If you haven’t taken a deep breath lately, take the time to take one now. Just notice the air flowing through your airway, feel it rest in your lungs as it’s exchanged for carbon dioxide, and then exhale as it flows back out into the world.
That was one breath, one of the approximate 650 million the average person will take in their lifetime. Most of the time, we don’t think about it, but being able to breathe is a treasure that we literally forget about most of the time.
However, that ability is often not afforded fully at birth or is lost to accident, bad behavior, disease, old age, or some combination of factors. Living without full lung capacity is a challenge that too many of us face, but there are some concrete ways to reduce your risk of complications down the line.
Check out our tips for Healthy Lung Month, and spread these tips to friends and family to stay healthy and happy!
A Quick Primer On Your Lungs
Unless you’re a doctor, it’s possible that you don’t think all that much about your lungs or about breathing, which is fair. We’re all pre-programmed on how to do it, so it’s an easy program to run in the background.
But your lungs are actually incredibly fascinating organs. First, you breathe air into your lungs by filtering it through your windpipe, which keeps that air warm and moist. Then, the air is filtered down the bronchi and bronchioles of each lung before being harnessed by the alveoli at the ends of the bronchioles.
The job of these alveoli is to take in oxygen from the air and return some carbon dioxide to expel into the air. Once the oxygen is taken in, your heart and your circulatory system will do the rest, taking that sweet oxygen to the cells who need them.
Lung Problems & Issues Of Civilization
Lung problems, at least in our modern times, are largely driven by the environments and lifestyles we find ourselves in. Diseases like lung cancer, asthma, and emphysema seem to have cropped up after our lifestyles changed from hunter-gatherers.
Pollution, lack of exposure to the environment, sedentary lifestyles, bad products; they all contribute to our worsening health across the board, and especially in the United States. These simply did not seem to be major issues for our ancient ancestors, but now seem to be a massive problem for people across the globe.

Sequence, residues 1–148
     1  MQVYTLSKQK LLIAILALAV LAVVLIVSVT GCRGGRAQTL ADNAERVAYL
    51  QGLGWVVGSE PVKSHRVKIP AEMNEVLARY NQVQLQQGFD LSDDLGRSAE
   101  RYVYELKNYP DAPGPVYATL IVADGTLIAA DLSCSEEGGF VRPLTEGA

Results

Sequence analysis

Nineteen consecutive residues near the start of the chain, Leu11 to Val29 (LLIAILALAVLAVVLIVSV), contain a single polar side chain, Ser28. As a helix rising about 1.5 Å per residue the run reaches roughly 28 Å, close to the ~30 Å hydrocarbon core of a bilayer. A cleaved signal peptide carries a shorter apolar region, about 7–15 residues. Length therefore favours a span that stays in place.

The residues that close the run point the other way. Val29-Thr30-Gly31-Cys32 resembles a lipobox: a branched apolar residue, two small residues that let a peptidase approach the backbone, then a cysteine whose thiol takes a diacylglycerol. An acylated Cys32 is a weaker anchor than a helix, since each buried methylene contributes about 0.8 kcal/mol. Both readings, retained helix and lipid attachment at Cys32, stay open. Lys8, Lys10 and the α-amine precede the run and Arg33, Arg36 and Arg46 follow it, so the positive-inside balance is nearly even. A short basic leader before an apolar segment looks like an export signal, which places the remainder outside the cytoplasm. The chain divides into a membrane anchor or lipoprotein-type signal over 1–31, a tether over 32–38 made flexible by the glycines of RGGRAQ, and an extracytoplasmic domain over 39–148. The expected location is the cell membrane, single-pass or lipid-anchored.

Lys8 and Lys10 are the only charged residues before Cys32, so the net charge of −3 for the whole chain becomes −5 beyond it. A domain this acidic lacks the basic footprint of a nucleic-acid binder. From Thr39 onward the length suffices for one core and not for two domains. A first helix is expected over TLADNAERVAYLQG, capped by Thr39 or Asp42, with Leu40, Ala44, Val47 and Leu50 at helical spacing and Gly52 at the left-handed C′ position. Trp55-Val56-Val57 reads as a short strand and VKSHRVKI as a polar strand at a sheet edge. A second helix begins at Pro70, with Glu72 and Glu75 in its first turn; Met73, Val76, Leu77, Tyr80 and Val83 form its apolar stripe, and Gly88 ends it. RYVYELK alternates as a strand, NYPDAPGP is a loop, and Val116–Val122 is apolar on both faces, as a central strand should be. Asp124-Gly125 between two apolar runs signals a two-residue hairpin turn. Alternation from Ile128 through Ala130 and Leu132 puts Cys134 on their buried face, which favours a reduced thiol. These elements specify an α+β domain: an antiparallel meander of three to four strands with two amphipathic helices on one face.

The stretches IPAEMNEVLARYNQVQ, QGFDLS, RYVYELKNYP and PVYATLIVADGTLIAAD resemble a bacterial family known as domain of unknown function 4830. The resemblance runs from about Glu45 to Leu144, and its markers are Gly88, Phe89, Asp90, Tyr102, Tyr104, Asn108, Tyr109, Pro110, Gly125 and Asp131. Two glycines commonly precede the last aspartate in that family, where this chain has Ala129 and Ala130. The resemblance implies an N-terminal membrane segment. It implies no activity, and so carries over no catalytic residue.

Thankfully, we have ways to combat some of the bad effects of our environments. By employing a few simple steps here and there, you can increase your chances of yourself or your loved ones maintaining a healthy life long-term.
Avoid Any And All Tobacco (And Vaping)!
This one should be an absolute no-brainer, given the decades of PSAs about cigarettes and smoking. Yet, millions around the world still partake in the product.
Scientists believe that tobacco causes changes in the body when inhaled, with the lungs taking the most damage. As those cells change, they may lead to malfunctions between cells and certain processes. Some cell groups may experience growth beyond their natural limits, which occurs when there is a cancer.
Tobacco and tobacco products like cigarettes and cigars are known carcinogens. Quitting these products or simply never partaking in them in the first place are fantastic steps in the direction of optimal lung health.
Don’t think that vaping is safe, either. Vaping needs far more definitive research, but early studies suggest that vaping can cause damage to the lungs as well.
Get Outside, And Go Often
If you’re anything like the average American, you probably spend a great chunk of the day indoors. Whether for school, work, or both, we tend to spend quite a bit of time outside.
While our time outside would almost always be better for us in the long-run, the issue lies in our time spent indoors. That’s because much of the air being circulated inside isn’t filtered properly. Contaminants and bacteria/viruses could propagate in a space where the filtration is subpar. In the age of COVID-19, that could be incredibly unsafe.
One way to counter stale indoor air is to simply go outside. The air outside is likely much richer and healthier for your body, and the risks of bumping into contaminants are much lower.
There is also some evidence to suggest that spending time in nature as a child could reduce the likelihood of asthma. Children who live on farms or near forests exposed to allergens reduce the chances of developing allergies as well. By spending more quality time in nature, you could make your life better down the road.
One of the best things you can do for your lungs is to keep them moving and active. Like the saying goes, “More it or lose it!” You’ll want to keep yourself moving and use the full extent of your lung capacity when you can.
Like other aspects of your body, your lungs and diaphragm need stimulation to develop properly and stay strong. Underdeveloping those muscles could have a ripple effect on health down the line, even affecting the strength of the immune system and related systems.
Keep Your Doctor In The Loop
When it comes to lung health, time is always of the essence. If you take your problems to your doctor right away, instead of “powering through,” you increase the chance of catching a major problem early. By ignoring pain, you may let an issue grow until it does major damage.
Whenever you feel like something is off with your body, let your doctor know as soon as you can.
Trust Healthonomic For All-Around Care!
If you’ve gotten this far in the blog, you’ll notice our tips were easy and natural. At Healthonomic Primary Care, we try to blend natural behavior change with modern medicine and technology to provide great care.
If you struggle with COPD or other lung conditions, contact our clinic today so we can develop a treatment plan!